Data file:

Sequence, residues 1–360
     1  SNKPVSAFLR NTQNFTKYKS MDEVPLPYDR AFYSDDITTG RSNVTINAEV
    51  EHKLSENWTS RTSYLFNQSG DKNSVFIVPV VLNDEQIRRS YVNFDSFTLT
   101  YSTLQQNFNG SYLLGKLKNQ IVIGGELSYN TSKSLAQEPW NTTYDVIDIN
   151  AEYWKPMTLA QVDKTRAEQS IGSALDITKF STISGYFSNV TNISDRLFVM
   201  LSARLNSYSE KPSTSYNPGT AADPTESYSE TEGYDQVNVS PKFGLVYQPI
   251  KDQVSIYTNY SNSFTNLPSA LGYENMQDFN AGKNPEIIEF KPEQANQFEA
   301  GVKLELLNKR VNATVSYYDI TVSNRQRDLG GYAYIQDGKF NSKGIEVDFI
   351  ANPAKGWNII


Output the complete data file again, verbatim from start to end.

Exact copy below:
Sequence, residues 1–360
     1  SNKPVSAFLR NTQNFTKYKS MDEVPLPYDR AFYSDDITTG RSNVTINAEV
    51  EHKLSENWTS RTSYLFNQSG DKNSVFIVPV VLNDEQIRRS YVNFDSFTLT
   101  YSTLQQNFNG SYLLGKLKNQ IVIGGELSYN TSKSLAQEPW NTTYDVIDIN
   151  AEYWKPMTLA QVDKTRAEQS IGSALDITKF STISGYFSNV TNISDRLFVM
   201  LSARLNSYSE KPSTSYNPGT AADPTESYSE TEGYDQVNVS PKFGLVYQPI
   251  KDQVSIYTNY SNSFTNLPSA LGYENMQDFN AGKNPEIIEF KPEQANQFEA
   301  GVKLELLNKR VNATVSYYDI TVSNRQRDLG GYAYIQDGKF NSKGIEVDFI
   351  ANPAKGWNII